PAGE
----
Having said all of that, if one try to club state laws related to regulation of rapid growth of education in Chhattisgarh into one bulletin, one will find nothing, but disappointment. On a pessimistic, but coherent side of the coin, with state-of-the-art institutes, soaring figures of allocation to education sector and a developing education hub, Chhattisgarh has blatantly failed to regulate the education sector – in an era where utmost importance is given to education to record development and social dignity, coaching centres have found reservation in minds and hearts of people. These coaching centres have mushroomed across the state, establishing themselves as parasites clung to an idea, idea where education is synonymous to progress. Some of them charge no less than lakhs for a two to three hour lecture scheduled in weekends. Some have a batch capacity of 100s, of course for a hefty sum in exchange for commercial education. Commercialisation of education is not a new concept, but there’s less talks over it. Failure of the government and the government-run schools and programmes has created a parallel structure for destruction of education – coaching centres. It’ll be unfair to wholly blame the government, as a part of it goes to the parents, growing ambitions, the culture and marketing strategies of coaching institutes. You cannot help but notice the huge hoardings, wall paints and standees portraying 100% results and photos of faculties, as success gurus, while you pass through. These are other types of developments that we asked for. But then, a part of growing up is accepting that development is inevitable. And that said coaching institutes have been creating havoc in the state and in our minds to such an extent that one can altogether call not going to a coaching institution, sacrilegious.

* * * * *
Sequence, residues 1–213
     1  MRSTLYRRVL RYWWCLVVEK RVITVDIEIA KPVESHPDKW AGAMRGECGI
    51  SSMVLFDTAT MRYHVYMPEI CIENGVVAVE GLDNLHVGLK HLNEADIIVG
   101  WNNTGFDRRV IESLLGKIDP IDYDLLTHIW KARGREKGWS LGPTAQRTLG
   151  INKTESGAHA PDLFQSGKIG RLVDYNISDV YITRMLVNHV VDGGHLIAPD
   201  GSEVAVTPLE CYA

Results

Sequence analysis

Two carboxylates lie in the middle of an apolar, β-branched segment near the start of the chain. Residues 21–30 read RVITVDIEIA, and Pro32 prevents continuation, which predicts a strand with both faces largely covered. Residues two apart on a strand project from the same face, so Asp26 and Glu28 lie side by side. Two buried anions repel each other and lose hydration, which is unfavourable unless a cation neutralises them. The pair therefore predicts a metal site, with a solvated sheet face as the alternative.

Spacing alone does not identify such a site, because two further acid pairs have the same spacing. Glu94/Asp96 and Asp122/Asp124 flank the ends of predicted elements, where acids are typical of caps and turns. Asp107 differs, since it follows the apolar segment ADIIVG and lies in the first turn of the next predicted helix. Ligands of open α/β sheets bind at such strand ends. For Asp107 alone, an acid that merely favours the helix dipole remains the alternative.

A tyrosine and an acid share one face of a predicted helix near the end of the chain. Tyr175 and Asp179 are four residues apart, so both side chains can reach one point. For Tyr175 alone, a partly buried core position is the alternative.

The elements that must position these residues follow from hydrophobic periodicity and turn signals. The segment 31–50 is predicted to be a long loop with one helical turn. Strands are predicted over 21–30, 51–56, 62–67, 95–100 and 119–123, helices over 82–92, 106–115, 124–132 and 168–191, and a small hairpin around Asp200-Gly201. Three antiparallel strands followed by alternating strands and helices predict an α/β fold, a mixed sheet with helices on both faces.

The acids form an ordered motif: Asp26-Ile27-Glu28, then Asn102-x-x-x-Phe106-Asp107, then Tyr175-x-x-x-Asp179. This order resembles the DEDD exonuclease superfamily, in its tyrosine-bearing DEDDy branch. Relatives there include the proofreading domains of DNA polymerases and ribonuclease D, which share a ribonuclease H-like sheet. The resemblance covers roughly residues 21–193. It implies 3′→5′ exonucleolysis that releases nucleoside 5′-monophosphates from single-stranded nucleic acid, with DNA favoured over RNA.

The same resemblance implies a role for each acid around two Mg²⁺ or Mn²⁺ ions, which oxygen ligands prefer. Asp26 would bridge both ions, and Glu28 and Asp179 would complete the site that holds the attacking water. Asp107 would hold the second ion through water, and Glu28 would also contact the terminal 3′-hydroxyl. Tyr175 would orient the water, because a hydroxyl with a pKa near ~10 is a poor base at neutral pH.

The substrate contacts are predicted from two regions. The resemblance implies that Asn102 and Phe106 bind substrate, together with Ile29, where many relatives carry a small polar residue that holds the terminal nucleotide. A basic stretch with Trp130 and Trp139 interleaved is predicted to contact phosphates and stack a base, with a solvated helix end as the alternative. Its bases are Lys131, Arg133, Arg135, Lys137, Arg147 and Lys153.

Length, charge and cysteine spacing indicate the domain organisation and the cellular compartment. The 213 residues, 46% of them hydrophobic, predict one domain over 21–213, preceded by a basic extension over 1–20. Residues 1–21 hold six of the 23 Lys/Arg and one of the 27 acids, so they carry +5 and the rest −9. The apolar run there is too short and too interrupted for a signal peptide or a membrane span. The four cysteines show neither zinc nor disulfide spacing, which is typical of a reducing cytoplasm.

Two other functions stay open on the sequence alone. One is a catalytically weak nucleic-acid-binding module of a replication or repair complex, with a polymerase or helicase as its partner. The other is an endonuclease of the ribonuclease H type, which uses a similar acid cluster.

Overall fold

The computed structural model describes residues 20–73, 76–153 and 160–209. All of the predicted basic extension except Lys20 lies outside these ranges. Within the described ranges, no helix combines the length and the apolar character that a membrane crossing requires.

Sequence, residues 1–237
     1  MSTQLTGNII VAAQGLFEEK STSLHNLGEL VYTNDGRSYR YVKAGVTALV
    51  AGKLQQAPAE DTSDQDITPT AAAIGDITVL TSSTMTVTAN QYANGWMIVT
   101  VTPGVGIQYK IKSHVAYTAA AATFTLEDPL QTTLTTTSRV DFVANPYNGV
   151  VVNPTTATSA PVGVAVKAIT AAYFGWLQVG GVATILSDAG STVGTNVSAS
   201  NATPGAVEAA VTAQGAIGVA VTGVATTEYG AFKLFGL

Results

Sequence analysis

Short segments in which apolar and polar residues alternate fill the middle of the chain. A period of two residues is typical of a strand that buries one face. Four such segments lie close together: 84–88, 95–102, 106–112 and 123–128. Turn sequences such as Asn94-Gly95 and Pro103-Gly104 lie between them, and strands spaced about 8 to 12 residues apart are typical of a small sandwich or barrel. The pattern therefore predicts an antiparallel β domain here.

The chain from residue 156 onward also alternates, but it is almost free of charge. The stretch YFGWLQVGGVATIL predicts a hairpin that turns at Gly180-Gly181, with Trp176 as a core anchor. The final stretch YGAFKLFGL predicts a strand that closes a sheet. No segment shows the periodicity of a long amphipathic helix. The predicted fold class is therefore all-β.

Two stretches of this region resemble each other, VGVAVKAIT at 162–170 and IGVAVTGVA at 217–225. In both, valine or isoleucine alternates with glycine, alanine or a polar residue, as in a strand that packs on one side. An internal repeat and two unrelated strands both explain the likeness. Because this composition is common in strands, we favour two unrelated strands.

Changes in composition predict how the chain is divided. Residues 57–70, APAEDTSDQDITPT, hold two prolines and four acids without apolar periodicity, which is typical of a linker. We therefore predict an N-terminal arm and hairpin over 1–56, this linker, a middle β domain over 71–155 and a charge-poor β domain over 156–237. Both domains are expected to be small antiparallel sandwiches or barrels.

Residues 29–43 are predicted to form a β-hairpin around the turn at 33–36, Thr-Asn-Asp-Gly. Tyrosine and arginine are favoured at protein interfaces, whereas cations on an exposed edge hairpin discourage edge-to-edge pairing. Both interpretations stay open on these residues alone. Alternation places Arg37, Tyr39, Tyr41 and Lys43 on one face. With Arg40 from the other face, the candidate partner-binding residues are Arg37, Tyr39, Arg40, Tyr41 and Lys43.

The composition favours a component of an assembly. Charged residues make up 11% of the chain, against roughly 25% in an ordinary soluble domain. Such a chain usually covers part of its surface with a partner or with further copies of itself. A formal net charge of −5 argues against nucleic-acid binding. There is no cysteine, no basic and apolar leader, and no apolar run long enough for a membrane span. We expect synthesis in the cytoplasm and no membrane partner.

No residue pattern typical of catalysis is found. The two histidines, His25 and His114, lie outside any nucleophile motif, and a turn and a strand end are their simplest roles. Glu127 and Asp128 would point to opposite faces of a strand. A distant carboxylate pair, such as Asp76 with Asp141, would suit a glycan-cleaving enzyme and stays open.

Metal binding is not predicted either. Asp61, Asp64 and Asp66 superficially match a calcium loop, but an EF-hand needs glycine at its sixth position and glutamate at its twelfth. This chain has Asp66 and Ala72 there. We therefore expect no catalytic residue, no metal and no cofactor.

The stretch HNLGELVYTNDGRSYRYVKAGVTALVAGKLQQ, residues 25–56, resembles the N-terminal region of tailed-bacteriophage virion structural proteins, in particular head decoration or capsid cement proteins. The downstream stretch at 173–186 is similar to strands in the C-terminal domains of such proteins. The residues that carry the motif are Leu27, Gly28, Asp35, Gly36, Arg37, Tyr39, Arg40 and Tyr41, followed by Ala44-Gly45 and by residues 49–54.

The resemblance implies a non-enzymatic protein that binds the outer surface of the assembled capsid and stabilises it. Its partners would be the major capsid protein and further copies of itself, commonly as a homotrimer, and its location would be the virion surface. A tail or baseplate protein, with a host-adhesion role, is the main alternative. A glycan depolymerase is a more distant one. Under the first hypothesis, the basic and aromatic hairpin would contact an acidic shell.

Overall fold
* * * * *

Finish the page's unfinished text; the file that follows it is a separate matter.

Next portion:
In the meantime, capitation fees charged by some reputed schools have added to the misery. Most of the schools have been toying with student’s lives, ambitions and the expectations of parents. There is no law or set of rules that restrict or regulate this grey area. And to curb this sobering account of contemporary state, there is an urgent need to call for a law, as robust as Chhattisgarh’s Education Policy but against such rampant exploitation. It took sixteen years of consistent evolution of Chhattisgarh to be able to feed people through rice subsidy and to become the third most developing state. What remains untouched is a void in education sector that needs to be filled. An effective control mechanism, a draft policy after suggestions from stalwarts of the education sector or formation of a recommendation committee to look into the void and establishment of government run coaching institutes, is imperative. It’s time for an educational reform!
The Public Distribution Scheme of Chhattisgarh has had its share of appreciation at the centre; it acted as a national role model. There’s no doubt about desperate necessity of a ray of light in the form of a stringent law against unregulated education institutions – It might be time to give another role model to the nation as well. For, of all developments of the BJP-led-Chhattisgarh-government, majority of them have been exceptional. This subject, however, should not be an exception.
(Shikhar Shrivastava is a fourth year student of Hidayatullah National Law
University, Chhattisgarh. Connect him at –shikhar.hnlu@gmail.com)